An Alternate Way to Build a Nordhavn 68

This story is kind of cool. Nordhavn posted on their site an article about one of their salesman’s sons building his own Nordhavn 68, out of Legos!

And.. .on a different topic:

Yesterday afternoon, two of the other boats from our Siberian Sushi Run, Seabird and Grey Pearl, met with our “Siberian Connection”. We’re still working out the details of our arrival, touring and fueling, in Siberia. I’m in Cabo, so I had to miss the meeting. This morning, in my email, were
these photos showing the terminal in Kamchatka. Reading between the lines I’d guess that our guys had questions about the terminal we’ll be arriving at.

And, lastly…

My original plan for today’s blog had been to write about my hydraulic system. It’s the part of my boat I know the least about, and I figured that writing about it would give me the momentum to dig in and study. What follows will be dull to all but the most techie of you.. so, unless you have a high tolerance for pain, I’d suggest you stop reading here.


OK, still with me? Well, then let’s take a look at my hydraulic system, which controls a few things on my boat:

– Stabilizers
– Stern Thruster
– Bow Thruster
– Anchor Windlass
– Anchor Wash pump
– Hydraulic Bilge pump
– Hydraulic alternators

Under normal operation, while underway, there is only one item controlled by the hydraulic system: the stabilizers. The thrusters, and anchoring windlasses are only used when dropping anchor or entering a port.

There is, however, one other device, or pair of devices, that might be in use at all times: the Hydraulic Alternators. My boat has two hydraulically powered alternators which generate a combined 12kw of electricity. On my prior boat, an N62, I relied heavily on the hydraulic alternators while under way, and almost never ran my generator. On this boat, I did some early testing of the hydraulic alternators, and decided they consumed more fuel than just running the generator.

I’m now thinking I should take a new look at running the hydraulic alternators. It may be that even if the fuel burn is slightly more than the generator, that the alternators are still preferable. Here’s why: Generators need a lot of love and attention. Every 200 hours, you need to replace the oil. I tend to run a generator around the clock, which means I am changing the oil about every 7-8 days when cruising. This means LOTS of dirty oil to dispose of, and dirty filters, and lots of clean oil I have to keep around. And, of course generators also need new impellers from time to time, and new belts. The great thing about the hydraulic alternators is that you don’t need to maintain them. They just pump out electricity, as long as your main engines are running. Also, since I have two, I can decide if I want to run at full, or half capacity (run just one, or both alternators).

Nothing is free though. The hydraulic system is powered by a pump that sits on the back of my main engines, just behind the transmissions. This pump creates a drag on the engine, and it creates heat in the drive train. With a little creativity, I can compute the drag on the engine, caused by the hydraulic pump. There is a formula that converts kilowatts to horsepower. Each kilowatt is equivalent to about 1.34 horsepower. In other words, to generate 12kw puts about a 16 horsepower drag on my motor. Of course, that would be true if the alternators were 100% efficient. My guess is that their efficiency is closer to 80 to 90%, and gets less efficient at lower rpm. And, this is only the efficiency at the pump. There is also some inefficiency in moving the oil around the boat, and in converting that power to electricity within the hydraulic alternator. And, to really complete the story, the hydraulic alternators are 24v dc current. If I want 240v ac current, then the power needs converted by my inverters, which, you guessed it, adds another layer of inefficiency. My guess would be that to get anywhere near 12kw, I am actually creating a 20 or more horsepower drag on my main engine(s).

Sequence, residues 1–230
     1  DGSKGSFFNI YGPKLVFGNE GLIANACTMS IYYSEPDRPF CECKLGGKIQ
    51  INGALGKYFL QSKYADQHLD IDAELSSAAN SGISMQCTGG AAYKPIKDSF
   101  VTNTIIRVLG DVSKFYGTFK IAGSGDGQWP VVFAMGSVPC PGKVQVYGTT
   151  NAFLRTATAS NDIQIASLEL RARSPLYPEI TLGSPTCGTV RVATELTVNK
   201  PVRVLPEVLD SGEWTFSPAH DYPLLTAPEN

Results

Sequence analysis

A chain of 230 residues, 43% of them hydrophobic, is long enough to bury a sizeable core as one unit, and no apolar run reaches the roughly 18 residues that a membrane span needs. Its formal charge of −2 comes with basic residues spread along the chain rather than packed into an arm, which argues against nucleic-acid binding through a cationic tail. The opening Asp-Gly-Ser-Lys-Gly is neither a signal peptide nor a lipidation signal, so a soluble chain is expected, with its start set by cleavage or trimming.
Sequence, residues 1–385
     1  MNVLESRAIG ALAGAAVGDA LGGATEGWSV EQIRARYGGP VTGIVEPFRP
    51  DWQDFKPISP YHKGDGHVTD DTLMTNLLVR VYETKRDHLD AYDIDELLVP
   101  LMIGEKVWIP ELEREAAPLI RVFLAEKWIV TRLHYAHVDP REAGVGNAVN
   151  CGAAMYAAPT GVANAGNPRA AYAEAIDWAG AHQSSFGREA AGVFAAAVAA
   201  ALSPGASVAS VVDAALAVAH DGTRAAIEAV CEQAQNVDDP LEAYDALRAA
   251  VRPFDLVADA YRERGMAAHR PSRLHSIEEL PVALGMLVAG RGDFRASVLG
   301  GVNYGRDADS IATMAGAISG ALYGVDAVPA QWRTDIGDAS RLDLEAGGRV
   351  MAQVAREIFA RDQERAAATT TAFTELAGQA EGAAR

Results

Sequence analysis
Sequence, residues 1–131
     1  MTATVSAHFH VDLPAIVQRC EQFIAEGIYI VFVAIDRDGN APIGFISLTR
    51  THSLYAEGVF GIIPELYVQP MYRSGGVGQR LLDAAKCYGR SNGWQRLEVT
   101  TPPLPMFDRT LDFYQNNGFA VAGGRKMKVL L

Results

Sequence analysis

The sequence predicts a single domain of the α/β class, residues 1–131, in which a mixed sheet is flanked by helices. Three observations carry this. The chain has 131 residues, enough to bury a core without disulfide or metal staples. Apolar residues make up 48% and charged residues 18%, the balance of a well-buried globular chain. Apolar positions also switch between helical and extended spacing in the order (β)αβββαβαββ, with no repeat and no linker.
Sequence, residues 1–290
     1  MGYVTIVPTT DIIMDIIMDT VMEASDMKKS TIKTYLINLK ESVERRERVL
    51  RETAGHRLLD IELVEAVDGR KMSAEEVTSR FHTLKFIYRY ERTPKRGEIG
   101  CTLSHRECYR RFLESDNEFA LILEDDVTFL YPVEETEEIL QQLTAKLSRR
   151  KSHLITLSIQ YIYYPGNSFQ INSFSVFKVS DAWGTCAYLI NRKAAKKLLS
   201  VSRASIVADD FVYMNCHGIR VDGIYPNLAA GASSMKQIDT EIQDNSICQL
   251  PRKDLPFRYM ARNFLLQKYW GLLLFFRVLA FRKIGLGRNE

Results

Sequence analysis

Where is the missing power you might ask? If I consume 20hp but only use 16hp of it for conversion to electricity, where did the rest go? The answer is: HEAT. Heat is an unfortunate side-product of all this converting, and is somewhat annoying. For instance, I monitor the temperatures on my transmission while underway. The transmission running the hydraulic pump tends to be at least 10-15 degrees warmer than the other transmission.

Adding 20hp in drag to one of my main engines is fairly material. My normal cruise speed is around 9 knots, at 1,350 rpm. At this speed each of my engines is putting out around 125hp, and burning around 7 gallons per hour. I have the option of running either or both hydraulic pumps, and have always run a single pump. In other words, one of my engines is putting out 125hp, to run the boat, plus some additional horsepower, to run the hydraulic pump. Assuming the hydraulic alternator were the only incremental drag, then I would be adding 20 horsepower. However, we’re forgetting the stabilizers. The stabilizers require some amount of horsepower, and I have no idea what that is. I scanned through all the literature for my stabilizers and wasn’t able to find it. Nor do I know if it is a constant drag on the engine, or if the drag goes up as the stabilizers get more active.

 

One would think that moving those giant fins through the water would take a fair amount of energy, but how much? I did a bit of detective work, and by looking at my records on fuel consumption, I can see that the engine running the hydraulic pumps tends to use about three quarters of a gallon more in fuel than the engine that isn’t running the pump. Interesting. Were I just a bit smarter, I bet I could back into how many horsepower the stabilizers are costing me. I do have a little data, so I can ballpark it. I know that my 16kw generator eats around 1.25 gallons per hour, and I’ve seen that my 12kw of hydraulic alternator uses approximately the same ( which is what convinced me that my 16kw generator was more efficient). So … my math is not accurate, but it feels like the stabilizers eat roughly the same fuel a 8kw generator might .. or, around 12 horsepower. In other words, my ballpark guesstimate, is that if I am running with both the hydraulic alternators, AND the stabilizers, I am consuming somewhere around an incremental 32 horsepower, which translates to somewhere around an additional 2 gallons per hour.